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Leafs won't repeat slump

by Staff Writer / Toronto Maple Leafs
by John McCauley

TORONTO - If you're a Toronto Maple Leafs fan, the beads of sweat are slowly starting to multiply across your forehead as you think about the blue and white's lacklustre stretch since Christmas.

Yes, the Leafs have just five wins in 15 games during that span, ominously familiar to a post-Christmas swoon last season. Yes, the Leafs are struggling to score goals. Yes, Curtis Joseph has yet to find his extra gear. Yes, the team could use some defensive depth. But no, the Leafs aren't on the verge of stumbling into the playoffs just like last year.

Gary Roberts would help the struggling power play if he's ready for Tuesday's game against the Sharks.
Dave Sanford/Getty Images
This team has been losing to teams it isn't supposed to, however, the way the Leafs are losing is a far cry from what plagued them last year. Avoiding a hot goalie here or a bad bounce there, could very well have the Leafs still atop the Eastern Conference but that hasn't happened.

That's not to say the team isn't concerned, frustrated and looking for answers. Everyone thought the Leafs' 6-1 drubbing of the Calgary Flames last Tuesday was the end of the slide. It probably would have been if the team hadn't had two full days off before going against the red-hot Vancouver Canucks.

It's very easy to lose your focus after a decisive win, especially when you can't get right back on the horse. Momentum is lost during that kind of break and getting touched for three first-period goals is evidence of that.

In Edmonton the Leafs rebounded and the 4-1 final score wasn't indicative of their actual play. Toronto outshot the hometown heroes 10-4 in the first period and if it hadn't been for Tommy Salo it would have been a completely different game.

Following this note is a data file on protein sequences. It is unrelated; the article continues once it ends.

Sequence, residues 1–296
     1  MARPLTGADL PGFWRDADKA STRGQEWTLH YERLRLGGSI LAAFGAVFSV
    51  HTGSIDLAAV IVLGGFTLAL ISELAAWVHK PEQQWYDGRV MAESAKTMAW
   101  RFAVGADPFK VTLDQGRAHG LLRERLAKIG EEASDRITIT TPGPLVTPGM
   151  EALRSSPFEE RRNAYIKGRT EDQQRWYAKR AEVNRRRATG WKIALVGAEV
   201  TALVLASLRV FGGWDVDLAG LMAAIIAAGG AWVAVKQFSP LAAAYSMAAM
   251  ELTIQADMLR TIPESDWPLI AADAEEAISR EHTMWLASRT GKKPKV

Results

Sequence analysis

Toronto also picked up its physical play. Travis Green made his presence felt in what was one of his best games as a Leaf. The forward connected with two highlight-reel hits, something he has to continue to do in order to be successful.

Excuses aside, the Leafs need to come up with some points and the San Jose Sharks are as good as any team to start against. Toronto tangles with their former West Coast rival Tuesday night at Air Canada Centre. Trouble is the Sharks aren't a push-over team but that could be exactly what the Leafs need considering their trouble with lesser opponents.

Toronto will have to go back to basics and play a sound defensive game and let the offence come when the opportunity arises. Gary Roberts would help that if he's ready to go after suffering a back strain last Thursday. His return would help the powerplay, which has slumped, going 4-for-40 in the last 10 games.

Even if the Leafs drop a couple more games before turning it around there is a feeling around the team that the wins will return. The panic button is far from being pushed and the veteran cast of characters is better off because of last year's second half.

Now it up to them to settle down and play the way their talent allowed them prior to this slump.
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